Now, the Clintons’ union is again campaign fodder. Trump is branding Clinton as the “enabler” who defended Bill Clinton from a decade of attacks as what Mr. Trump calls “one of the great abusers of the world.”
This strategy, on Trump’s part, digs up memories of the tawdry tabloid years and the so-called “bimbo eruptions” that Clinton’s contemporaries, especially women, would rather not recall. Millennial women will most likely be learning for the first time not just how Bill Clinton’s presidency brought the country a budget surplus, but why he was impeached and what his wife did to save him.
Her strategy for coping then was an instructive one.
In 1999, when I published a biography of this globally admired woman, “Hillary’s Choice,” I viewed the Clinton presidency through the lens of the Clinton marriage. The saga of Bill and Hillary, with its echoes of Eleanor and Franklin and undertones of Bonnie and Clyde, was animated by melodrama, narrow escapes, knock-down-drag-outs. They seemed to thrive on it.
Today, Clinton’s defenders insist that she is willing to learn, grow and change. Trudy Mason, vice chairwoman of the New York State Democratic Committee, points to Clinton’s total loyalty to Obama after losing her fierce campaign against him. “If I had to define Hillary in a word, she’s a mensch,” says Mason, “a real down-to-earth, nitty-gritty person.”
But even Ms. Mason admits that she hears a sense of ambivalence among some of Mrs. Clinton’s most enduring supporters: senior African-American women. When Ruth Hassell-Thompson campaigned for the New York State Senate, together with Clinton in 2000, the newly liberated first lady got to know Thompson’s family. Now, Thompson’s 10-year-old grandson is shocked when he asks Granny whom she’s going to vote for.
It’s the first time she hasn’t knocked herself out for Hillary Clinton. “It makes me very angry that I and other women of color sacrificed a lot to stay with Hillary in 2008 when she ran against the first black president. I feel disregarded — never had a call, no outreach at all. It will be her loss.”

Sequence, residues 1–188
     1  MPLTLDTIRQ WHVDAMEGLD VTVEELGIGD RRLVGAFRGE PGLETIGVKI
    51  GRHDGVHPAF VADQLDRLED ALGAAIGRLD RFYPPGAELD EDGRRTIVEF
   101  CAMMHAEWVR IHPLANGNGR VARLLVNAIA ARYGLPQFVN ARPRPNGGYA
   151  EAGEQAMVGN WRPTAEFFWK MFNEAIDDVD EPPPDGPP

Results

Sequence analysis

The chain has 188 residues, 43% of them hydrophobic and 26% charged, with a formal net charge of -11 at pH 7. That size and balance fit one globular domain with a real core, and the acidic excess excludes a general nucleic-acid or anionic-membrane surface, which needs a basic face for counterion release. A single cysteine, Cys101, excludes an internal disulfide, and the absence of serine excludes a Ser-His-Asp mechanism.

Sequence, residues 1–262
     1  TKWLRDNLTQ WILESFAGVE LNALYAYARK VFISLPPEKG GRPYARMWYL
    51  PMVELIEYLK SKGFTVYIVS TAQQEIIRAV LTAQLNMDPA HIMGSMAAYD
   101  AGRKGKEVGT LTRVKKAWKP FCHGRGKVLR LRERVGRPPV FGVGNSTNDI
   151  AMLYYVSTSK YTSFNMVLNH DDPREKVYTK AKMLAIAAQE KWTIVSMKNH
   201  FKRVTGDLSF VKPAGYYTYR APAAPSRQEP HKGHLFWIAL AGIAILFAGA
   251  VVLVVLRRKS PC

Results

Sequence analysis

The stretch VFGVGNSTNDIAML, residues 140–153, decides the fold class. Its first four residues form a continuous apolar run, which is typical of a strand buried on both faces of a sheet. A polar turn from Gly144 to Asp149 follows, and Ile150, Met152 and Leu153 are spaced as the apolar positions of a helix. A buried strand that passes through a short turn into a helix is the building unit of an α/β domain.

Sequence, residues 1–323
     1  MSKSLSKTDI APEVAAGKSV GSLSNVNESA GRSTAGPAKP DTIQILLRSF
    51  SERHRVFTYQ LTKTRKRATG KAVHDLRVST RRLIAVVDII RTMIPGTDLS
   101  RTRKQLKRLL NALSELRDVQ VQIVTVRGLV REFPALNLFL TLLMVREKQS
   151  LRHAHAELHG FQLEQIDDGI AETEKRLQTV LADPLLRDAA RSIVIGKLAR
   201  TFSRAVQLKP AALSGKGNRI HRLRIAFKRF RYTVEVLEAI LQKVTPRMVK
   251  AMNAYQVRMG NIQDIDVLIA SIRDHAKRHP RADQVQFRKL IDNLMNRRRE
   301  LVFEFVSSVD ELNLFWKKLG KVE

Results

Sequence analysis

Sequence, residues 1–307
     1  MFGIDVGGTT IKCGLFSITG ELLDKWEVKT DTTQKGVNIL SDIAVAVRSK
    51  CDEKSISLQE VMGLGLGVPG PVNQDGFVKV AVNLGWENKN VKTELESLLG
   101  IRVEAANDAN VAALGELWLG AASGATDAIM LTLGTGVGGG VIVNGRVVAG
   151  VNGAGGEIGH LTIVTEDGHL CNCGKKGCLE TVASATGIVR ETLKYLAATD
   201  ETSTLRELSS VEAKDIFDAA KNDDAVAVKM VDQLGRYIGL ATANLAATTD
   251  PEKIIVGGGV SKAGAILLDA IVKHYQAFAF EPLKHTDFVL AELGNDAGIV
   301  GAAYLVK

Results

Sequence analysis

Clinton’s latest gain appears to be among moderate Republican women who are revolted by the extremism of Trump. The prominent director of a major museum in New York described herself to me as a “loyal to the core Republican” who has run arts programs for three presidents — the two Bushes and Obama. In December, she fired off an email to a dozen prominent Republican women friends declaring her defection from “what is left of the Republican Party. I just signed up for the Hillary campaign and made my first donation.” The other women approved.
Days before Iowans were to go to the polls, I called de Rothschild, who is volunteering for the campaign in South Carolina, for a look ahead. She laughed off any concern. “Boomer women in South Carolina, especially African Americans, are unequivocally committed to Hillary, no matter what happens in Iowa and New Hampshire,” she said.
Recently, I asked a senior campaign official if Mrs. Clinton was hatching any new strategy to stop Sanders. He said, “She’s going to keep on grinding it out.”
After all these years of watching Hillary Clinton’s star as it rises, falls, but always rises again, I would love to be a true believer.
I’m feeling ambivalent.
Gail Sheehy is the author of “Hillary’s Choice” and, most recently, the memoir “Daring: My Passages.” This piece first appeared in the New York Times.